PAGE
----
W3C home > Mailing lists > Public > public-credentials@w3.org > June 2021

Re: The dangers of using VCs as permission tokens

From: Snorre Lothar von Gohren Edwin <snorre@diwala.io>
Date: Mon, 28 Jun 2021 11:57:04 +0200
Message-ID: <CAE8zwO2H6PCGsW_822eUkF9MAifoyHRxh7t4Q56FH+8fVi8ooA@mail.gmail.com>
To: daniel.hardman@gmail.com
Cc: Alan Karp <alanhkarp@gmail.com>, Kim Hamilton <kimdhamilton@gmail.com>, Manu Sporny <msporny@digitalbazaar.com>, "W3C Credentials CG (Public List)" <public-credentials@w3.org>
In relation to this thread, is Power of Attorney a use case along these
lines? Power of attorney VCs for certain services and so on?

On Mon, Jun 28, 2021 at 9:59 AM Daniel Hardman <daniel.hardman@gmail.com>

> The use case that Kyle describes around delegation seems reasonable -- but
> I don't agree with the article's suggestion about how this would/could be
> modeled with VCs. The complexity of VCs as a delegation mechanism is not an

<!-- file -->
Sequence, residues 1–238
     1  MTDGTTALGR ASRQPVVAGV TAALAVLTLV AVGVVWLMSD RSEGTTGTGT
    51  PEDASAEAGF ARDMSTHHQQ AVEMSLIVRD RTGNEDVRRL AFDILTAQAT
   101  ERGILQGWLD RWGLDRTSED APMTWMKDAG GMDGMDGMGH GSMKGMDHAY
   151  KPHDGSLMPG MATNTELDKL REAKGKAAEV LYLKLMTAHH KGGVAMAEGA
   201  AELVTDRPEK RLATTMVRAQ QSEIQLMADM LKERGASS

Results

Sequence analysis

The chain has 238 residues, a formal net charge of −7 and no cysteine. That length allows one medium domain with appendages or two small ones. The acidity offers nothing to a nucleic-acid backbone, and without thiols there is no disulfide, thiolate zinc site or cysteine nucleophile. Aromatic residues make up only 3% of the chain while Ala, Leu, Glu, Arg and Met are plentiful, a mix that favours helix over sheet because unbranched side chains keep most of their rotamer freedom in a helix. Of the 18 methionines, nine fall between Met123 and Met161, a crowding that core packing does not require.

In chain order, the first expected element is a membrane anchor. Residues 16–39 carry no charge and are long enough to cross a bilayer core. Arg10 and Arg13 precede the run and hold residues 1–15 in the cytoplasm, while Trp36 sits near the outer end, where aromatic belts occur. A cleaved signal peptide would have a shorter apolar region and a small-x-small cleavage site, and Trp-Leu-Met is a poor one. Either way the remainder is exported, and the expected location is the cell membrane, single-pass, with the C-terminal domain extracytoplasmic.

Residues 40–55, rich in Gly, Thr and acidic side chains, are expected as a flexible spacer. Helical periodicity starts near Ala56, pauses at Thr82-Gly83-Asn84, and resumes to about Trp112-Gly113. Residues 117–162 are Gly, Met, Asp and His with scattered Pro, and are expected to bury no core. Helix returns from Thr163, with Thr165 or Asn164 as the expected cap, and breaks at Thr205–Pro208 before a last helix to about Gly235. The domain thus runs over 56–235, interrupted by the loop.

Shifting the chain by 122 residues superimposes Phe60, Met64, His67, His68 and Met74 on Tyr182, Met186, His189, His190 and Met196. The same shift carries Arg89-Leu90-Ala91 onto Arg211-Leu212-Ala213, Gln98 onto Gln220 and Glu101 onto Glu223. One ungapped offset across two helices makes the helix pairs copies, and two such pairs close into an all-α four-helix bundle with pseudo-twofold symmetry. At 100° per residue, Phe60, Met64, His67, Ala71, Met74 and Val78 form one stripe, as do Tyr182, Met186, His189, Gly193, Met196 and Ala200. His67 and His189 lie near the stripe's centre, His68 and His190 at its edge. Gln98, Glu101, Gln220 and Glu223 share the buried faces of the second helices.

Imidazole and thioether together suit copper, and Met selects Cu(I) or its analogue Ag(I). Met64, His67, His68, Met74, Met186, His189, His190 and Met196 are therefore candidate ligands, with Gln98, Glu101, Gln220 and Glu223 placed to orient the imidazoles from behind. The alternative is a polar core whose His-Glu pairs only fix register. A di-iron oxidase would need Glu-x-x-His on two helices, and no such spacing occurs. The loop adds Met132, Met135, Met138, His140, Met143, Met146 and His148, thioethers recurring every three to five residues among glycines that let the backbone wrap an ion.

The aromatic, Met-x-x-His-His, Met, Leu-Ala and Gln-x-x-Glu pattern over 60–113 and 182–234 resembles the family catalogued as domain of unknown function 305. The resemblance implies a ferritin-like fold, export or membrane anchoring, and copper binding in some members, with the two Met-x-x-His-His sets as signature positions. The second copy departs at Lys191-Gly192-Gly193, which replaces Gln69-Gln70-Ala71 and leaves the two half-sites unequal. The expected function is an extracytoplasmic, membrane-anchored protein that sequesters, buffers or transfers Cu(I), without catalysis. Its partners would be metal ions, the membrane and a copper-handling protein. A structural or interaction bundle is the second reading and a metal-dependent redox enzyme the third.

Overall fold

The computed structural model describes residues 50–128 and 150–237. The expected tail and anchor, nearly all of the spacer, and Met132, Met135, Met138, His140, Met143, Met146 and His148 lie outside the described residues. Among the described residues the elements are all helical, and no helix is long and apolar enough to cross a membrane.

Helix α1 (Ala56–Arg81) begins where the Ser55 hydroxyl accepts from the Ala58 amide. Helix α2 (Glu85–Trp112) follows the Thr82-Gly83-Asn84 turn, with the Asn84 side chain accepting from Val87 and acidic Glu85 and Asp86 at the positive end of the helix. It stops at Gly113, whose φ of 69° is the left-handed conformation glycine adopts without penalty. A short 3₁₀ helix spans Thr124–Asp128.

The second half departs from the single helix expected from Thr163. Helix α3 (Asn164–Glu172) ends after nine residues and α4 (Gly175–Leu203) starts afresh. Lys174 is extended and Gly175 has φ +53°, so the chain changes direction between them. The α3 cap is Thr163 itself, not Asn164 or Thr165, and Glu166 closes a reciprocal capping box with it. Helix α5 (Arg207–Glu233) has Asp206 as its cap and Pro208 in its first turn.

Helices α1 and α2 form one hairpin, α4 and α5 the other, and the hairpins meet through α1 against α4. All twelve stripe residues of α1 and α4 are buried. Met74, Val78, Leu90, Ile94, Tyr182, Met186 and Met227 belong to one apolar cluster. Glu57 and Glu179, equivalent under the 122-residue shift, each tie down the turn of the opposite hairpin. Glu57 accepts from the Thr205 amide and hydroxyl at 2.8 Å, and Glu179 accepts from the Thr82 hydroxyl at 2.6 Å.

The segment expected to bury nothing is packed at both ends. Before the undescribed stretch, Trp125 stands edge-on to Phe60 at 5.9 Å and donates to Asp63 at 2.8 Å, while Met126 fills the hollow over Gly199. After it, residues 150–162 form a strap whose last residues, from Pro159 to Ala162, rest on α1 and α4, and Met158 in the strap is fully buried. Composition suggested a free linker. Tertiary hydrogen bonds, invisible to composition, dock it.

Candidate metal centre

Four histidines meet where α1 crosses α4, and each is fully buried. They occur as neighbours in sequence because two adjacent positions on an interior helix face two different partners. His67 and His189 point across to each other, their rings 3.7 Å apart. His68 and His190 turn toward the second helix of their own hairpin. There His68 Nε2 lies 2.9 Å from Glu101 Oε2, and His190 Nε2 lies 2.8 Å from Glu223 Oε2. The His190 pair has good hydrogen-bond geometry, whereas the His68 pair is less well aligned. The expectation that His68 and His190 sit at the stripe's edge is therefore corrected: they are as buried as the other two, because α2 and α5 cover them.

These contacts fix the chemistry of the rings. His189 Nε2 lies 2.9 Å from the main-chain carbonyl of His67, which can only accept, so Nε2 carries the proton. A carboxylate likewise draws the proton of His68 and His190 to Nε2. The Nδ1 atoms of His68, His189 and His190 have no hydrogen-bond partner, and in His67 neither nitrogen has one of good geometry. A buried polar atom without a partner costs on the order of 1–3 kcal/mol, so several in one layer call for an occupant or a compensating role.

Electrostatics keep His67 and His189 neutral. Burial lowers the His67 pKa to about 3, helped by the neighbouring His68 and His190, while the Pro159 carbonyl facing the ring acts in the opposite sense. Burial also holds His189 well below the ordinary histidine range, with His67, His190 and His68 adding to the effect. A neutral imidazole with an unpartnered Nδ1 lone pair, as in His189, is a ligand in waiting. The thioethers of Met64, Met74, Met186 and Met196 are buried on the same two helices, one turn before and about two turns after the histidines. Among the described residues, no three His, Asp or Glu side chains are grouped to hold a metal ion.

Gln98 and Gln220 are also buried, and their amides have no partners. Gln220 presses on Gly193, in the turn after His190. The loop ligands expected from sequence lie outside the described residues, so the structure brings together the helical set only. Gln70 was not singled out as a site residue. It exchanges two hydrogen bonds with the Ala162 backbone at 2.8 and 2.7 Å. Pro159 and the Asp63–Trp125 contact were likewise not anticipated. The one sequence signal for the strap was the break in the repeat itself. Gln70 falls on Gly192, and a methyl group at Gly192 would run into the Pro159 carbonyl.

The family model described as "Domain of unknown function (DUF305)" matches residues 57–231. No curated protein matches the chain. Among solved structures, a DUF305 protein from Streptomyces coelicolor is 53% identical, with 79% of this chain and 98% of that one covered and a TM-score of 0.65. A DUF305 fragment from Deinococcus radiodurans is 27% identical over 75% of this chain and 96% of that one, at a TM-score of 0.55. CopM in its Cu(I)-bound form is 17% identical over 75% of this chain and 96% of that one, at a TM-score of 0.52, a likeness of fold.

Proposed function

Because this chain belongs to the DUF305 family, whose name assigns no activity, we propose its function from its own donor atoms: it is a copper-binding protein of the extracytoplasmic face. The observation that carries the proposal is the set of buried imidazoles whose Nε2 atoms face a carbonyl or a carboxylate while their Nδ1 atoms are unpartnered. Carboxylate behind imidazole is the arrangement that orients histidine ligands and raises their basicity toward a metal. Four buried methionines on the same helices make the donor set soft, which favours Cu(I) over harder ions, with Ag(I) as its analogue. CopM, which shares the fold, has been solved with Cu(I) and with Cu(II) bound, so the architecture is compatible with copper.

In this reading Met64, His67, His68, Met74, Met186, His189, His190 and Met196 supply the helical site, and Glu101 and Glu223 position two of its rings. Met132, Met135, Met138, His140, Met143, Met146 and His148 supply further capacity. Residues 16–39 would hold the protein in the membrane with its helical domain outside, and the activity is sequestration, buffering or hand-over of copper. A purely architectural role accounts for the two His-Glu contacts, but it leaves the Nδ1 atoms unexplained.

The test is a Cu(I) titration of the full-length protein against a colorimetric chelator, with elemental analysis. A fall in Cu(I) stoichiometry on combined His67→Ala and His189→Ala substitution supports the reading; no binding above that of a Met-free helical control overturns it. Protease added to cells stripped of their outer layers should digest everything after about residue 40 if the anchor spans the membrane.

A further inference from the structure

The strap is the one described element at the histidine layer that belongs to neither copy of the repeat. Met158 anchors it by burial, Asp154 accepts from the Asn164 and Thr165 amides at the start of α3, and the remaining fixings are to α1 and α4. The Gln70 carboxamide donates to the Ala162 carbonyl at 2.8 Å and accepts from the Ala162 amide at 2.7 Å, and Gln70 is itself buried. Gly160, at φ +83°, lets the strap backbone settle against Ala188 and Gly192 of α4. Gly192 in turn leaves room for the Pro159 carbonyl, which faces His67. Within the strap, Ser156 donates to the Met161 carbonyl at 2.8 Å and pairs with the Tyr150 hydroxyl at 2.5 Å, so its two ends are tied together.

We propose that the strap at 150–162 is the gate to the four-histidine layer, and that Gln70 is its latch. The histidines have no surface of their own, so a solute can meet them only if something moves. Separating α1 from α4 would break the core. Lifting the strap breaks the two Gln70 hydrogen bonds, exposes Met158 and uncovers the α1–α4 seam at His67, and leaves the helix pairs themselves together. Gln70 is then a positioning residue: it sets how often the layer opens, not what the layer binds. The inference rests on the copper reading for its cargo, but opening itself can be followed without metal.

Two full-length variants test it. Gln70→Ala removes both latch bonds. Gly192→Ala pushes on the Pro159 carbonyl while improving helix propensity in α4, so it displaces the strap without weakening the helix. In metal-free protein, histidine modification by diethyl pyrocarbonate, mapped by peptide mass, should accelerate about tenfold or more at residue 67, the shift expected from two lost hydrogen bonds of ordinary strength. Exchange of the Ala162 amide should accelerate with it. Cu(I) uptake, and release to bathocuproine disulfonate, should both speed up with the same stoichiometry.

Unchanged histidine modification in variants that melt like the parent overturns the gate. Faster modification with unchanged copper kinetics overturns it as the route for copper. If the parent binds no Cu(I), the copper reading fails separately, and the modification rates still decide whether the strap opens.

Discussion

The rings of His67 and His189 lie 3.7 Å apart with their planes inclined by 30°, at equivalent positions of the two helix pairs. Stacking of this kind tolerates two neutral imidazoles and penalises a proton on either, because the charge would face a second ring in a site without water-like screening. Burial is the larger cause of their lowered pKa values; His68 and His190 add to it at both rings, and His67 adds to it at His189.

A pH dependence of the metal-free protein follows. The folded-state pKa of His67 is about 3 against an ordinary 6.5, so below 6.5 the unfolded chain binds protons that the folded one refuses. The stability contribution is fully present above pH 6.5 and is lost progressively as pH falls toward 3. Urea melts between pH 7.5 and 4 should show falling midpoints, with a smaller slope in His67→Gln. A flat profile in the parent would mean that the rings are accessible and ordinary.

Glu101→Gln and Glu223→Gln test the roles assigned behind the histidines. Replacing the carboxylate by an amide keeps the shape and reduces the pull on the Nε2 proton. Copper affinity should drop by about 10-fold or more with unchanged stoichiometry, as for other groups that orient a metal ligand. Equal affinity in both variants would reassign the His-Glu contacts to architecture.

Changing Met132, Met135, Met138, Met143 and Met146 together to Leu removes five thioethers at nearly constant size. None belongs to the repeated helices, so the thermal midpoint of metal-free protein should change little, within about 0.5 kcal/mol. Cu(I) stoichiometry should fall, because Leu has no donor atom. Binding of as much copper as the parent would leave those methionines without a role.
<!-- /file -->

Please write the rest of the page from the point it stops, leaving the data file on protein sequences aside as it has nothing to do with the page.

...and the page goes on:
> inherent characteristic of VCs, but rather a characteristic of the wrong VC
> schemas. In other words, Kyle's critique might be better summarized as, "If
> you attempt to adapt complex VCs that weren't built for delegation to a
> simple delegation problem, you get a lot of baggage that makes it easy to
> make mistakes." Cue Alan's comment about confusion...
> My conclusion would be: "Don't use complex VC schemas to delegate along
> the lines of the model Kyle warned against."
> We had a deep discussion about whether or not to use VCs as OCAPs,
> facilitated by the chairs of the CCG. I suggest that if we want to explore
> this topic further, we allocate proper time and focus to it again, rather
> than touching on it in smaller, less contextualized increments.
> --Daniel


*Snorre Lothar von Gohren Edwin*
Co-Founder & CTO, Diwala
+47 411 611 94
Received on Monday, 28 June 2021 09:57:29 UTC

This archive was generated by hypermail 2.4.0 : Thursday, 24 March 2022 20:25:16 UTC